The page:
Holiday park's plans to put 60 caravans near Grade II* listed church before they fall into sea
PUBLISHED: 15:02 06 June 2019 | UPDATED: 15:11 06 June 2019
A Suffolk holiday park is planning to build a new caravan site further inland to save its static caravans and lodges which are at risk of falling into the sea.
Broadland Sands Holiday Park, in Corton near Lowestoft, is hoping to move 38 of its caravans further inland to a new site just off Church Lane.
The move is said to be vital to secure the future viability of the 33-acre park which is situated in the Coastal Erosion Vulnerability Area.
And it would help future-proof a business which plays a huge role within the local tourism industry.
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The planning application states the park contributes around £13m each year to the local economy.
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As well as moving 38 of the most at risk caravans, the new site will house an additional 22 trailers - which are expected to bring another £350,000 into the area each year.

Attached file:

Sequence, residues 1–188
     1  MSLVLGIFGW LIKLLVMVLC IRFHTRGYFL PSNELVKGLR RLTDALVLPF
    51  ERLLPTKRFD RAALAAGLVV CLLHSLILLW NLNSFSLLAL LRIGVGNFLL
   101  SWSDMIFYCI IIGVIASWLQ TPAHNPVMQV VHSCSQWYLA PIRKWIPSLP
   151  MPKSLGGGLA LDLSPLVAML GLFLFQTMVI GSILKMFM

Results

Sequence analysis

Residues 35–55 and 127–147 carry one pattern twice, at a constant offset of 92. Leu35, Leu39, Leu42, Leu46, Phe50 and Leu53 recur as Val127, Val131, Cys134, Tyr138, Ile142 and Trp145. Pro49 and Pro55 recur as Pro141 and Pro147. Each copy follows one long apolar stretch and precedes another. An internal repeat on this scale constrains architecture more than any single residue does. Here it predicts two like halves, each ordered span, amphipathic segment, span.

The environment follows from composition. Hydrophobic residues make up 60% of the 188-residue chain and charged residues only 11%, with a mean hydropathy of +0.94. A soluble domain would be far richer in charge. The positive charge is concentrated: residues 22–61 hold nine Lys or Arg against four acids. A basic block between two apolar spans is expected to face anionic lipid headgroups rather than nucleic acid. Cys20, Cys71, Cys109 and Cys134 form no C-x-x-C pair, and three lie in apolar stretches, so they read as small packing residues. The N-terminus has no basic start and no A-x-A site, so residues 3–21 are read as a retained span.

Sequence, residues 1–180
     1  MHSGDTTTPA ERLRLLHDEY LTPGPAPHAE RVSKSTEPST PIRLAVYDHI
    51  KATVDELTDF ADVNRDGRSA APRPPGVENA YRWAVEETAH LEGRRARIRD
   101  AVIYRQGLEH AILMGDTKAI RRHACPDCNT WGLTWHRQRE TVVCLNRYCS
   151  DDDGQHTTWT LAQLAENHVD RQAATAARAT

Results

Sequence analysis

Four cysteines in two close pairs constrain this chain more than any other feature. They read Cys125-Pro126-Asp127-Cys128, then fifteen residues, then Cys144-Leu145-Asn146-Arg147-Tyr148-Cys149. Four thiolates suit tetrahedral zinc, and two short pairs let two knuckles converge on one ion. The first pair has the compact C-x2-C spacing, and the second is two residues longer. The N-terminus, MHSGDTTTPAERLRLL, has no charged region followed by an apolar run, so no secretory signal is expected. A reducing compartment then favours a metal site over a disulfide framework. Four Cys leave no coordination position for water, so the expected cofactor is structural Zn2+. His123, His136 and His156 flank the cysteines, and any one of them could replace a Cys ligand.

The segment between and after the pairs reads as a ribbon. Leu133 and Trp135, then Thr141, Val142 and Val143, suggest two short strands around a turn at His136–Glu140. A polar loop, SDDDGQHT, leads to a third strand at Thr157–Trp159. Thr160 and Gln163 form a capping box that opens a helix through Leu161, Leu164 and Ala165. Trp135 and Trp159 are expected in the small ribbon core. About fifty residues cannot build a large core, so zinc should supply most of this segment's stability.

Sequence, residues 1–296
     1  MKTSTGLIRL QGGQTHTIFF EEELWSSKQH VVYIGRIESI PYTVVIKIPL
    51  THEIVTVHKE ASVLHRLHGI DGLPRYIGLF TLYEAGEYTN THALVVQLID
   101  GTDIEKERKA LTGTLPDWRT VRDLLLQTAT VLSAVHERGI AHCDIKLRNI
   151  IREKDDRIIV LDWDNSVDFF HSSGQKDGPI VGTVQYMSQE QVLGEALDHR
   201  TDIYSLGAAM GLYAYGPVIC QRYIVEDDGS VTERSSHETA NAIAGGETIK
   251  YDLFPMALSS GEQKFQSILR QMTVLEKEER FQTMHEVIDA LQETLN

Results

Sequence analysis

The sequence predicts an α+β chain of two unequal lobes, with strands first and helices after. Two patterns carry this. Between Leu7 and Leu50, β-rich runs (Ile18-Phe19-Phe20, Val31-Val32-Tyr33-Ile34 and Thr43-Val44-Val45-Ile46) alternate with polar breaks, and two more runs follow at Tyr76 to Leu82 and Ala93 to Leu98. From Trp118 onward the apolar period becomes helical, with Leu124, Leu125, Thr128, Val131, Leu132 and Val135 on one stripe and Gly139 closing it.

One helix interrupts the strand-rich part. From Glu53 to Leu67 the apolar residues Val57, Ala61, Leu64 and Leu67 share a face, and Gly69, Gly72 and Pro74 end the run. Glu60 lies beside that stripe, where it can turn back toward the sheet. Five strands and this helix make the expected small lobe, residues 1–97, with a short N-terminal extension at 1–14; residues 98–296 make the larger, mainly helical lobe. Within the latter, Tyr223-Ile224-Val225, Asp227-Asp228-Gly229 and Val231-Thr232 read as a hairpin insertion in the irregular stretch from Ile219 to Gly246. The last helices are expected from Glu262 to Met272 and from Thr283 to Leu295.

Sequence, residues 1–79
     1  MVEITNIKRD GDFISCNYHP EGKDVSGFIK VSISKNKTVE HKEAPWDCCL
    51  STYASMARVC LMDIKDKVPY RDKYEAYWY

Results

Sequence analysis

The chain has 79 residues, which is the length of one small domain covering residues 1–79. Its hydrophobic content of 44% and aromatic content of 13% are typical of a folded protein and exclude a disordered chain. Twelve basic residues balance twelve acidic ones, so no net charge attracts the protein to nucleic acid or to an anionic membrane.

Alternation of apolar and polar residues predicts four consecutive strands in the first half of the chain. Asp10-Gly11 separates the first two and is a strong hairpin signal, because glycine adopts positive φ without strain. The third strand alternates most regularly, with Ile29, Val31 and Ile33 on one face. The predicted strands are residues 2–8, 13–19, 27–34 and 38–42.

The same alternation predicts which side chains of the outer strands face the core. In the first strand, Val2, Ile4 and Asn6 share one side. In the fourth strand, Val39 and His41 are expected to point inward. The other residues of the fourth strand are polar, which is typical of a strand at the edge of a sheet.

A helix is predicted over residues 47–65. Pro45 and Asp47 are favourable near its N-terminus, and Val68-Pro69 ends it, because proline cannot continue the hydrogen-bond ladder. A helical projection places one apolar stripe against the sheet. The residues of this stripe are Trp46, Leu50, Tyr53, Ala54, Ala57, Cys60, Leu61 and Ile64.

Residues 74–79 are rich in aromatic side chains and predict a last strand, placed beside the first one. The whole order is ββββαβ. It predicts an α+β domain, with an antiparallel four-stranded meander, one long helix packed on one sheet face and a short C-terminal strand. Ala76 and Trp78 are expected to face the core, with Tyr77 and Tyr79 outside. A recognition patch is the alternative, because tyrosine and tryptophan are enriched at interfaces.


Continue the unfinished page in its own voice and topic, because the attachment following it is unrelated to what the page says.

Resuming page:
While the proposal has been recommended for approval when it comes before East Suffolk Council's North Area Planning Committee next week, it has caused some controversy as the new site will be across the road from St Bartholomew's Church - a historic Grade II* listed building.
Historic England raised concerns "due to the erosion of a rural setting which contributes to the significance of the Grade II* church".
Corton Parish Council has not objected to the plans but did ask for clarification on a number of issues, including the route vehicles will reach the new site.
The planning application acknowledges the disruption the new site could cause for the rural area by repurposing the three acres of agricultural land but says this must be compared with the economic benefits the change would bring.
It states: "The setting of the listed building is a matter of concern, however this also needs to be weighed against the employment, economic and tourism benefits the extension would bring, and assessed against the potential loss of existing space due to coastal erosion, which would have an impact on existing employment, economic and tourism principles".
Last year coastal erosion caused devastation further up the coast in Hembsy, Norfolk, when multiple homes fell into the sea after the cliff they were built upon crumbled.